All day Sunday, Mark yelled at everyone he saw, “I have friends.”  Mark is about 16 years old.  He is the son of two prominent advocates for persons with developmental disabilities.  His father has appeared before Congress to advocate for the needs of people who are mentally challenged, especially for those with symptoms of autism spectrum. 

He has been mainstreamed in every part of his life.  For the most part, this has worked well for Mark and for the people who work with him.  However, it seems one thing has been missing for this bright and articulate young man–friends. 

His youth group leader has been involved with Special Gathering, a ministry within the mentally challenged community, for all of her teenage and adult life and she understands Mark.  When she and her husband found out that Mark was coming to Camp Agape, they were thrilled.  Camp Agape is an extension of Special Gathering where seven of our programs come together during Memorial Day weekend for a spiritual retreat.  As the weekend progressed, they became even more excited Mark. 

He is extremely energetic.  Mark literally bounces from place to place with his arms in the air, waving enthusiastically at everything and everyone.  During worship he sat quietly and was appropriate during meal times; but once outside, he is a ball of excited, spontaneous energy. 

“This makes me so happy to see Mark being able to be himself,” his youth group leader said as we rode through the campgrounds in her golf cart.  (Her responsibility is to do hour and half-hour checks of the women at Camp Agape.)  I was hitching a ride with her as we passed Mark bouncing from the lunchroom to his cabin.  “I wonder if this is the first time that Mark has been able to let go and not be told to sit down, stop running and bouncing, and be appropriate,” she said.  Tears formed in both of our eyes.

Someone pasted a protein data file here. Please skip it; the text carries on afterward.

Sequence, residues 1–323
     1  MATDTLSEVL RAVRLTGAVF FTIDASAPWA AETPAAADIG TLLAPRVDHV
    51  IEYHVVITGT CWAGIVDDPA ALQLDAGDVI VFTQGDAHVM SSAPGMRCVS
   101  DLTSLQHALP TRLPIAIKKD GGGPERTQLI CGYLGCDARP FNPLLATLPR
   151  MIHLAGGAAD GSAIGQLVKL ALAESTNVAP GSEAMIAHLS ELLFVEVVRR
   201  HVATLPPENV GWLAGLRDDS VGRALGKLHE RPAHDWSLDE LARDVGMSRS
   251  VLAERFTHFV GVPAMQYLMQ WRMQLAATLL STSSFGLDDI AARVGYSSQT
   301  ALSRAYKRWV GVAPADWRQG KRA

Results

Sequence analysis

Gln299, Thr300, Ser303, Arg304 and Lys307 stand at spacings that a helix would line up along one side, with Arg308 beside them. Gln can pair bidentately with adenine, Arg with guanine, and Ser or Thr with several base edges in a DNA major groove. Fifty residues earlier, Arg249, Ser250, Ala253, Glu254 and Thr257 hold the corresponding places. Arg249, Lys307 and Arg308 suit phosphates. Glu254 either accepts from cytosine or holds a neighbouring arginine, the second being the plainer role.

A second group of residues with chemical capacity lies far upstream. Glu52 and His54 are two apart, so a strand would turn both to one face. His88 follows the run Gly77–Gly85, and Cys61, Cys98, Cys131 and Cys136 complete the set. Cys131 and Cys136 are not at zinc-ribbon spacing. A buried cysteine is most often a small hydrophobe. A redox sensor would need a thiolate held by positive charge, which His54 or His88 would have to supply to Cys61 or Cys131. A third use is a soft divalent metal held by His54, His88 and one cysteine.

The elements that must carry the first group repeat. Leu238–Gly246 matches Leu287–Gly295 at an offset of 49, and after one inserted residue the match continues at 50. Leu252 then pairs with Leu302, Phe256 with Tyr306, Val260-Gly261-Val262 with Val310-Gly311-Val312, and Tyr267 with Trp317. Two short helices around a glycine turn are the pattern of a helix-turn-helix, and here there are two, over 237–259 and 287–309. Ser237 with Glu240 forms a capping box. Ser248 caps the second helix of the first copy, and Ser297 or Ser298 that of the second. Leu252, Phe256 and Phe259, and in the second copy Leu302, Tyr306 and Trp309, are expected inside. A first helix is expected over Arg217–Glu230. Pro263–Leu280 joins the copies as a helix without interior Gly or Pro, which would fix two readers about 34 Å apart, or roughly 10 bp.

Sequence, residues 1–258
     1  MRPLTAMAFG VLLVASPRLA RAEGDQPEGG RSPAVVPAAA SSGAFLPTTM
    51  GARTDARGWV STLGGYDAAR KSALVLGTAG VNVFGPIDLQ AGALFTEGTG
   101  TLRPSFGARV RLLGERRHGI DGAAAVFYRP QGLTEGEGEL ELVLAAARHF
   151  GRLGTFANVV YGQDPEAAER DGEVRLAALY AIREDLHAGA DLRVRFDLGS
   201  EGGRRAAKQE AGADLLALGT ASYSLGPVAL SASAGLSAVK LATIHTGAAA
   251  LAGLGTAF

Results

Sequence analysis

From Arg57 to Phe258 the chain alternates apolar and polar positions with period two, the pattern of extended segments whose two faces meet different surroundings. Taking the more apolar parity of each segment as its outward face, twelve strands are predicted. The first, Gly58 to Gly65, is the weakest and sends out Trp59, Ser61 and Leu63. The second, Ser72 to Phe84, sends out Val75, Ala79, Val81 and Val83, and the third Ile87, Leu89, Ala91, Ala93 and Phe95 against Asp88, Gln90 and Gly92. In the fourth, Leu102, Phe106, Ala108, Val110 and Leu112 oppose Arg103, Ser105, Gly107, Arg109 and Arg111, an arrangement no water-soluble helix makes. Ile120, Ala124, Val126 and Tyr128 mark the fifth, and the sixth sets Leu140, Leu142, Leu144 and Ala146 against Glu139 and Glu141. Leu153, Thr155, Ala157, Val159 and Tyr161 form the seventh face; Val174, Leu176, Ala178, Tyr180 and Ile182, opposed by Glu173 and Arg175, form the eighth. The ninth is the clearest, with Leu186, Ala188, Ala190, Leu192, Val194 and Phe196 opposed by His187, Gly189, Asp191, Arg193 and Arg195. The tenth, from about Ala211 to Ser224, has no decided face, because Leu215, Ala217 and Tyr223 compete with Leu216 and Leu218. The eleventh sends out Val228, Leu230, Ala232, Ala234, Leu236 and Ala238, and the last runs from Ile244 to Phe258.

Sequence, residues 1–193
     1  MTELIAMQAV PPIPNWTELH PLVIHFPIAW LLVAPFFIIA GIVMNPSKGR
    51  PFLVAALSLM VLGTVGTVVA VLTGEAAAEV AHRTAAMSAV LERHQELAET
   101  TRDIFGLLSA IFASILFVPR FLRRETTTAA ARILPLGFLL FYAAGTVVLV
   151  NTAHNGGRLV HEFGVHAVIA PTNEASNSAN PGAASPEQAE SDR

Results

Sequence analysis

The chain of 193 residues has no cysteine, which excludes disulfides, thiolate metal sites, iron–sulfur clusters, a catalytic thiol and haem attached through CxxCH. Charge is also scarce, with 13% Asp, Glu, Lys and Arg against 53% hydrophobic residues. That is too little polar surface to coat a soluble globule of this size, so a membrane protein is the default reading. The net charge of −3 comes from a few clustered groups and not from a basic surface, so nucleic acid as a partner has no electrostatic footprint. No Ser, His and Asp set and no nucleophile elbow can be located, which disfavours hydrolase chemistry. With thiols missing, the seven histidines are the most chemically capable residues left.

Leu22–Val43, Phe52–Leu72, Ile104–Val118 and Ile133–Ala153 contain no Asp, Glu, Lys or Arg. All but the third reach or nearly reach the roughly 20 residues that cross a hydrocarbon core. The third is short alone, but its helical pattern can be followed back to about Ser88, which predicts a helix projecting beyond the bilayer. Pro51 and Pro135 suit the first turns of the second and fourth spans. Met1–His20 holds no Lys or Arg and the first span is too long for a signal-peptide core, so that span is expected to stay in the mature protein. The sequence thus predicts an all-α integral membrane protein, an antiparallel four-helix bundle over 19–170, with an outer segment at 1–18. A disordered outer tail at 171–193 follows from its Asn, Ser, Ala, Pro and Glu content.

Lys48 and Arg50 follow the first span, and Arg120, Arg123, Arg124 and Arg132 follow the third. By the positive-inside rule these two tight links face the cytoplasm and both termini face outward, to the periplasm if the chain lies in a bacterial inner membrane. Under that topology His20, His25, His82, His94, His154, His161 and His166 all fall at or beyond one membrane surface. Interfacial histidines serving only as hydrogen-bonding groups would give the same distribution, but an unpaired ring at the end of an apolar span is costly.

Of course, there is a need to teach every child what is socially appropriate behavior.  No child should be allowed to go without training.  But imagine never being allowed to let your child be the child he is.  My son was a climber.  If we had any trees growing in our neighborhood, they would’ve been his haven. 

But we lived two blocks from the ocean. All the coconut palms had been killed by a heavy freeze about five years before we moved here.  There were only palm trees that grew straight and tall.  Therefore, he was allowed to climb the walls and the door sills of our house.  He would climb the door entry to the kitchen and hang out as I cooked.  Occasionally, he was allowed to climb on the roof.  I can’t imagine my son not being allowed to climb. 

But for Mark, it wasn’t the bouncing that made him happy.  It was the acceptance.  Mike, John and Eddie became his friends.  Norm, Linda and Sam gave him acceptance and encouragement.  As he rushed to his mother, after getting off the bus, I could hear him.  “Mom, I have friends now.” 

Camp Agape was a success.

What are some ways that you encourage your members to be themselves? Have you seen that friendships are made in your program?